Sinking of the Lusitania
RMS Lusitania Backstory
The Lusitania started out in New York being filled with the usual assortment of supplies that an ocean liner was known for. This included medical supplies, cheese, copper, machinery, meat and other miscellaneous items. It was also being secretly loaded with supplies for Britain in an ongoing war that was raging with Germany. When the ship was destroyed by Kapitänleutnant Walter Schwieger on May 7th 1915, Germany used the excuse that the ship was carrying weapons. Without having proof of this truth, it led to a very public rage over the country of Germany and its people.
Why Did Germany Fire At The Lusitania?
It was not known that the Lusitania was carrying secret supplies for Britain, and the Germans sunk it for different reasons. Submarine warfare was already in place between Britain and Germany, so it was a matter of finding a ship that looked suspicious in enemy waters.
Kapitänleutnant Walter Schwieger was already under orders to destroy ships along the northing tip of Great Britain and back east in the Irish Channel. Any ships going to and from Liverpool, England was to be destroyed as a threat and under the guidance of an ongoing war. Schweiger already had a reputation for destroying ships along his path without warning, and that was especially true for ships that he considered to be British.
Even hospital ships were not able to escape his wrath, so the Lusitania was not singled out at all. As Lusitania was a British passenger liner, it was already considered his target regardless of what it was carrying. The mistake that the Lusitania crew made was ignoring an official notice from the Imperial German Embassy that warned of an attack.
The notice made it clear that any ship on an Atlantic voyage would be entering a war zone between Britain and Germany, and any vessels not considered an ally would be destroyed. This was not an idle threat, but was treated as such, and it ultimately led to the destruction of the Lusitania.
Who Was Affected?
The fallout from the destruction of the ship affected Germany the most, as public disapproval over the disaster was explored in many media outlets. It was the cause of riots in many countries, and even in times of war stores refused to serve anyone of German descent. The public backlash was strong against Germany worldwide, even after it was proven later that the Lusitania was carrying weapons for the British.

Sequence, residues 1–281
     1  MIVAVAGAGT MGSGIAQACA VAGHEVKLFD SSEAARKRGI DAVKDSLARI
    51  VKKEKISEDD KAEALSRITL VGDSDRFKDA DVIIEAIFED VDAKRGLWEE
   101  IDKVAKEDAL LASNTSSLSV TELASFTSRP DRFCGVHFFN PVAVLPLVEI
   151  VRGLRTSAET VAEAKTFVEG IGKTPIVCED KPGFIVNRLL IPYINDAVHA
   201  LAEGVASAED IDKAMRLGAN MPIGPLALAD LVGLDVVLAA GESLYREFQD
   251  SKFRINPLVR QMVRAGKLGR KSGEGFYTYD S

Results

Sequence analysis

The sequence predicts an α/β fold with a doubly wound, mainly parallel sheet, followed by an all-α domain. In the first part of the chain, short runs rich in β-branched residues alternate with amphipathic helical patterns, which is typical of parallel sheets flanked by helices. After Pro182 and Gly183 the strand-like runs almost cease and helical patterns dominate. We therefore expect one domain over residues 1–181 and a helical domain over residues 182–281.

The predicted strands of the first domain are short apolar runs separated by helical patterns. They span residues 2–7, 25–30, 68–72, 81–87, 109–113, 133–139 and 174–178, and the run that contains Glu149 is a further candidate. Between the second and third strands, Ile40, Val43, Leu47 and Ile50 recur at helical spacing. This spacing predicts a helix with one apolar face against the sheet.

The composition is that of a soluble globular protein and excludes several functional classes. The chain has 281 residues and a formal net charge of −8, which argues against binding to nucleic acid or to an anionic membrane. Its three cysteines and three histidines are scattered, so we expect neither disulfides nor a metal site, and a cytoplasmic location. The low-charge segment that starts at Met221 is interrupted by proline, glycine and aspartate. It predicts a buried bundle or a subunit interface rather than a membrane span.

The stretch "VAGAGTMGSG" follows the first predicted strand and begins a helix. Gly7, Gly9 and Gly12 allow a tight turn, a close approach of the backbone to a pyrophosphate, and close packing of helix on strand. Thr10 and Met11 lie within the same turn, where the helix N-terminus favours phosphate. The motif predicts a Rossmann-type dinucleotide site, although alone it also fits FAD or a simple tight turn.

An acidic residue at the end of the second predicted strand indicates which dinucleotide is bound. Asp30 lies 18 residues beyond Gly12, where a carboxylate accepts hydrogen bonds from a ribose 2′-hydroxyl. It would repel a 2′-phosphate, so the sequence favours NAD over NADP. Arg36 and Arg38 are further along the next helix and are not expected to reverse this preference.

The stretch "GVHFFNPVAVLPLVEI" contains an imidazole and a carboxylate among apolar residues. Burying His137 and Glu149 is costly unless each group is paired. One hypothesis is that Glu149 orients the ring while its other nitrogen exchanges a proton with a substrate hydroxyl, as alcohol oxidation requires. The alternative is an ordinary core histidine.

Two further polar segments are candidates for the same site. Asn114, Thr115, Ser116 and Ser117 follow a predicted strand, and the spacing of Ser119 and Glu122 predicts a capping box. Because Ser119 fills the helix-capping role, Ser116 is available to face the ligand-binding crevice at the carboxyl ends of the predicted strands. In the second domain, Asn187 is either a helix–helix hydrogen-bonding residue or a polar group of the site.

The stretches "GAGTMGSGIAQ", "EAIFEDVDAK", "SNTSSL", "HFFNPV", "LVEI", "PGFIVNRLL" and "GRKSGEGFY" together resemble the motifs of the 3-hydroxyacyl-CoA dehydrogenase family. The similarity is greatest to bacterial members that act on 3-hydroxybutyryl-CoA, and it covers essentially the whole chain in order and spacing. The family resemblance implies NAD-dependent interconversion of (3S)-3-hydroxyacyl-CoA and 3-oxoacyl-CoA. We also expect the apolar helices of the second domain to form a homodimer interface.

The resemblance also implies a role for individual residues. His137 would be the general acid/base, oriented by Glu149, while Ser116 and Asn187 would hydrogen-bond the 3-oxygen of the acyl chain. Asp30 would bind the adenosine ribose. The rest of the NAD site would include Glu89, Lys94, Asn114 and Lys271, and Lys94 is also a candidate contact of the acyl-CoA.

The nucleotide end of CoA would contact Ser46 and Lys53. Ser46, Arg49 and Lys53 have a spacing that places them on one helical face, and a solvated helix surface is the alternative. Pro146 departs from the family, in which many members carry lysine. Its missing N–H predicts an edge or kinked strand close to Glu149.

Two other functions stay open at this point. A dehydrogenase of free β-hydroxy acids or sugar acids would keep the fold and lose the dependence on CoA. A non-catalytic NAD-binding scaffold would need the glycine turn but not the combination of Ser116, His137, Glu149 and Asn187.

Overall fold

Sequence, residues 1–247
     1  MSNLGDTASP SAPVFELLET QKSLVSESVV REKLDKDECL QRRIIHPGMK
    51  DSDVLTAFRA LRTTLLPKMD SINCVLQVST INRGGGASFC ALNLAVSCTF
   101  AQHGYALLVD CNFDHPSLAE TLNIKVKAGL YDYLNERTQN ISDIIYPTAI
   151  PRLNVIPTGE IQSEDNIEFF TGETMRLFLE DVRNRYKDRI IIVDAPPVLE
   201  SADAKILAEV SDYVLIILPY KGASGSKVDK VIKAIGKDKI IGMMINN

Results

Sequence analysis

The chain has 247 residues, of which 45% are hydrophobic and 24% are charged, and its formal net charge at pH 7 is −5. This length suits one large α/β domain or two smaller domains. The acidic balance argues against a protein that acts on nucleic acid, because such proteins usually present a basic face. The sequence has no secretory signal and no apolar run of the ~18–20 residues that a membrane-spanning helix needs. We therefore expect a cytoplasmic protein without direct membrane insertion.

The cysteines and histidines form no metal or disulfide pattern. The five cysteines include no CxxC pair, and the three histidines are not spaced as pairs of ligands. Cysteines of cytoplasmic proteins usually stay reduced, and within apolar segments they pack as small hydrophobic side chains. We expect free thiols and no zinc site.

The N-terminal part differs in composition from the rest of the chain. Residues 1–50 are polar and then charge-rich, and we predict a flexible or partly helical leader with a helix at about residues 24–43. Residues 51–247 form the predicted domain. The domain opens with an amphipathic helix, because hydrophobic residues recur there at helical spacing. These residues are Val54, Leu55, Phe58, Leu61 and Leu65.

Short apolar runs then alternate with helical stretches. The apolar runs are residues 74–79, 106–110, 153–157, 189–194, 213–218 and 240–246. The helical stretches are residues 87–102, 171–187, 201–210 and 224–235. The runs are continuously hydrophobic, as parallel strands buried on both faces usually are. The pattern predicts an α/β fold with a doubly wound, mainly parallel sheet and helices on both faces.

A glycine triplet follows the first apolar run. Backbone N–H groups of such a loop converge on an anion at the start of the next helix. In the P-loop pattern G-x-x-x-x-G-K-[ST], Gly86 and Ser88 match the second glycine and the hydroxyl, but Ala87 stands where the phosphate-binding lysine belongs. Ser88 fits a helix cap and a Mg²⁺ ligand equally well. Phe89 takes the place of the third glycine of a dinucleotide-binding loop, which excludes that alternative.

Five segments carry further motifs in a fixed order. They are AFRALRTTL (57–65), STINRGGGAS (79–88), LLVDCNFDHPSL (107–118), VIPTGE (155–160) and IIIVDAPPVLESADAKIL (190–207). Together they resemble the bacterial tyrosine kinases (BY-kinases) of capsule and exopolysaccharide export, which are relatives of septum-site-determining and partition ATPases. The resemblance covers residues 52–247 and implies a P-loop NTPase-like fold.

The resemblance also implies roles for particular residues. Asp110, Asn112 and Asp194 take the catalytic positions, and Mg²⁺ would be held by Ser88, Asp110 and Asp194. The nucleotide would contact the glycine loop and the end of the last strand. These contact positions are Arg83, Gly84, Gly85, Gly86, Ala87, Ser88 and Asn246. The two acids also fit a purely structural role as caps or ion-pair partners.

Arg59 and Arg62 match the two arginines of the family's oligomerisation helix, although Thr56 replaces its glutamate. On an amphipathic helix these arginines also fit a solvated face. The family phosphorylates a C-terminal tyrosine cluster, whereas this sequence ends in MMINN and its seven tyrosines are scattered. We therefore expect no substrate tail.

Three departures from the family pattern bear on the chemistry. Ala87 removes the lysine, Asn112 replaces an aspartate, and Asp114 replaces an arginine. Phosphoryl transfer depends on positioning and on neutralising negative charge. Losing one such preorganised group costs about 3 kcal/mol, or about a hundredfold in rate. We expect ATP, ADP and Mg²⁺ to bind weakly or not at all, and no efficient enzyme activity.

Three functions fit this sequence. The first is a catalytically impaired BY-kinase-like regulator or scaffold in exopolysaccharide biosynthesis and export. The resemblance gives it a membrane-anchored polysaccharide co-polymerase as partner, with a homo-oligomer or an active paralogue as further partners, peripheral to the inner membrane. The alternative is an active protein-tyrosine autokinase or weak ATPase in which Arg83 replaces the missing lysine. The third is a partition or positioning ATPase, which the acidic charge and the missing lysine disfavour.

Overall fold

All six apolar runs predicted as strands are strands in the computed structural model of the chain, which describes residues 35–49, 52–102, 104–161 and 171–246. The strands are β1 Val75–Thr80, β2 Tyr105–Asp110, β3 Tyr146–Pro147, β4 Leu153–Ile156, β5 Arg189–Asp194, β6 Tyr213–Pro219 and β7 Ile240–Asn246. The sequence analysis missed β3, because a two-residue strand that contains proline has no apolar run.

America was already being affected before the Lusitania, as many considered Germany’s submarine warfare unrestricted. Many neutral American ships were sunk before this without warning, and almost 200 Americans died on the Lusitania.
Names to Remember
Walther Schwieger was born in 1885 and is considered the 6th most successful submarine commander of World War 1. He died in 1917 when his U-88 was destroyed by a British mine. The HMS Stonecrop can be credited with forcing his submarine in the direction of the mine.
Commander William Turner was the captain of the Lusitania, and was born in 1856. The Commander had a reputation for going out of his way to rescue people, earning him the Liverpool Shipwreck and Humane Society’s Silver Medal. During the Boer War he also received recognition for moving troops to South Africa, earning him the Transport Medal for outstanding service in 1902.
Vice Admiral Sir Charles Coke of Ireland is to thank for rescuing the surviving passengers. The distress signal that was sent from the Lusitania was received quickly enough that they could gather their men and send rescue ships out.
Here are some important things to remember about the sinking of the Lusitania.
- The attack happened on May 7th 1915
- Germany was embroiled in submarine warfare with the United Kingdom of Great Britain
- Commander William Turner captained the Lusitania and Walther Schwieger the U-boat U-20
- Over 1,198 were killed in the attack leaving only 761 survivors
- The Lusitania was secretly carrying supplies for war to be brought to Britain
- Lusitania has the second highest death toll of any ship, only rivalled by the Titanic
The Lusitania was indeed carrying weapons to Britain, but that wasn’t proved later until secret British documents were found to support their claim. The tragedy was a huge loss for all sides, and caused a smearing of several reputations during the war.